MIT Robot Learns To Move Around Crowded Places

Posted: Sep 1 2017, 7:55am CDT | by , in News | Latest Science News

 
MIT Robot Learns to Move around Crowded Places
Credit: MIT

Researches hav developed a small robot that is learning how to move among humans

Robots are getting more and more humanlike. One day they could be able to move among humans without getting in their way and smootly navigate crowded places. But to do that they have to understand the pedestrian behavior.

Now, engineers at MIT are teaching a robot to gain mastery over one of the most challenging aspects of being human: socially aware navigation. The small autonomous robot is learning to keep pace with foot traffic while observing the general, unwritten rules of pedestrian conduct.

“Socially aware navigation is a central capability for mobile robots operating in environments that require frequent interactions with pedestrians. For instance, small robots could operate on sidewalks for package and food delivery. Similarly, personal mobility devices could transport people in large, crowded spaces, such as shopping malls, airports, and hospitals.” Lead researcher Yu Fan “Steven” Chen, who is also the former MIT graduate student said.

In the tests performed inside MIT’s Stata Center, the robot not only successfully avoided collisions but it also moved smoothly alongside humans in crowded open spaces. The robot uses off-the-shelf sensors, such as webcams, a depth sensor and a high-resolution lidar sensor for recognizing its surroundings. For controlled movement, the robot carries open-source algorithms. These algorithms allow it to map the environment and to determine its position.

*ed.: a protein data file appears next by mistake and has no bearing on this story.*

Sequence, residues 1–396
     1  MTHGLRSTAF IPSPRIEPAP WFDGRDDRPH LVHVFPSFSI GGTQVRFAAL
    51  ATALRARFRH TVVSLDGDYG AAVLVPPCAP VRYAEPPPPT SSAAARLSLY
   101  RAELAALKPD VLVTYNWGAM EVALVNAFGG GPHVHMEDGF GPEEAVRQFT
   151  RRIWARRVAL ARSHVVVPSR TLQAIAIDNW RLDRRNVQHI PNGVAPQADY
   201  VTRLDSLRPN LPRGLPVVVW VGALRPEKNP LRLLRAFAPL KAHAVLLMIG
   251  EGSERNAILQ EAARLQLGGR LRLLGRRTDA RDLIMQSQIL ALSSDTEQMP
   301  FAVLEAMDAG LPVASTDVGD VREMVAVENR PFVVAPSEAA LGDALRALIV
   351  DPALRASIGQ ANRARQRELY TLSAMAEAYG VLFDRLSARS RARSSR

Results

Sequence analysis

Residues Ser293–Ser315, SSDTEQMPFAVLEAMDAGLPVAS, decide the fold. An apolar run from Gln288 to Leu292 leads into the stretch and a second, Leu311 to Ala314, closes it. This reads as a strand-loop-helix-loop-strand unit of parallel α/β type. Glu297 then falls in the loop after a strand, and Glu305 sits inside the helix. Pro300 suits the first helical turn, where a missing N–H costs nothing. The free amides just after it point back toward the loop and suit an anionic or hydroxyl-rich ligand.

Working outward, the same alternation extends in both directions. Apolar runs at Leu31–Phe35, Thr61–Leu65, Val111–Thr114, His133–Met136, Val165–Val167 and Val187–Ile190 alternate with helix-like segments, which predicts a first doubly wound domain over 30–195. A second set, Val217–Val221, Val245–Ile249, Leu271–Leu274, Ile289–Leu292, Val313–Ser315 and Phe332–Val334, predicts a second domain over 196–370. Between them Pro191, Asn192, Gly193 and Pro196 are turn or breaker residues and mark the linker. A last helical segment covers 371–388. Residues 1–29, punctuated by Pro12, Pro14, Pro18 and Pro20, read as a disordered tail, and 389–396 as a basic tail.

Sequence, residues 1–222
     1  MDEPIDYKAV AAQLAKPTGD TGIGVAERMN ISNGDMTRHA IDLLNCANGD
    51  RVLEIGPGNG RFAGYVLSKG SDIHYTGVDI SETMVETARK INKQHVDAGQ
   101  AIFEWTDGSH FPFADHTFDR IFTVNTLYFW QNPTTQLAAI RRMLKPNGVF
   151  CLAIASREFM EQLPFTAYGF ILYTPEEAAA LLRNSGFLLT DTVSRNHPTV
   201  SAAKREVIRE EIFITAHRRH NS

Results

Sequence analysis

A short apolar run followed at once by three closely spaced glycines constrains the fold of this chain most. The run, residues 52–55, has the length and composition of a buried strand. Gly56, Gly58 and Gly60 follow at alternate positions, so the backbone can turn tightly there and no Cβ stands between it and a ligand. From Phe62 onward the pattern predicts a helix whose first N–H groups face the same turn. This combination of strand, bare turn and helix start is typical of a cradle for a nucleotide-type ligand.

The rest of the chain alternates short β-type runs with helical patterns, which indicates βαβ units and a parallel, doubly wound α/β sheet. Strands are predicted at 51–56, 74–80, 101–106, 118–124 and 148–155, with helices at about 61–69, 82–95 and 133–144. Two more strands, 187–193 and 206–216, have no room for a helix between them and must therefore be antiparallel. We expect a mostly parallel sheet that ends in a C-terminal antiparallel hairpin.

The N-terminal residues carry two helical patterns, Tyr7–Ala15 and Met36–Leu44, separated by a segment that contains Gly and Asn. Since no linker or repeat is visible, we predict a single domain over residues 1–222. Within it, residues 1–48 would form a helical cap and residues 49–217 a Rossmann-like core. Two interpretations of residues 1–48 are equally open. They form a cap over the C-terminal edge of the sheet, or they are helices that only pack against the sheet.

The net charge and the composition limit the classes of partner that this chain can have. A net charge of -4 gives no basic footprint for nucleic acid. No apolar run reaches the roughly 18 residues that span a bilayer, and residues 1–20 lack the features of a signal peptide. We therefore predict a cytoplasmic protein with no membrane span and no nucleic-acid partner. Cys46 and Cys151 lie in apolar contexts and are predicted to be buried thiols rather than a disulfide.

The most difficult part of the process was enabling robot to adapt to the unpredictability of human nature. People do not follow a strict pattern while walking on the streets and other places. In such an unpredictable environment, robots can collide with people or being pushed around.

When should a robot take its turn? How do they use sidewalks or parking spots? How should they overall behave in crowds? These questions are crucial if robots navigate streets or move around real environments.

To solve this problem, researchers enabled the robot to assess its environment and adjust its path, every one-tenth of a second.

“We’re not planning an entire path to the goal – it doesn’t make sense to do that anymore, especially if you’re assuming the world is changing,” said co-author Michael Everett.

“Crowds have a different dynamic than individual people, and you may have to learn something totally different if you see five people walking together.”

By learing pedestrian conduct, robots can be a part of ecosystems where humans and robot coexist.

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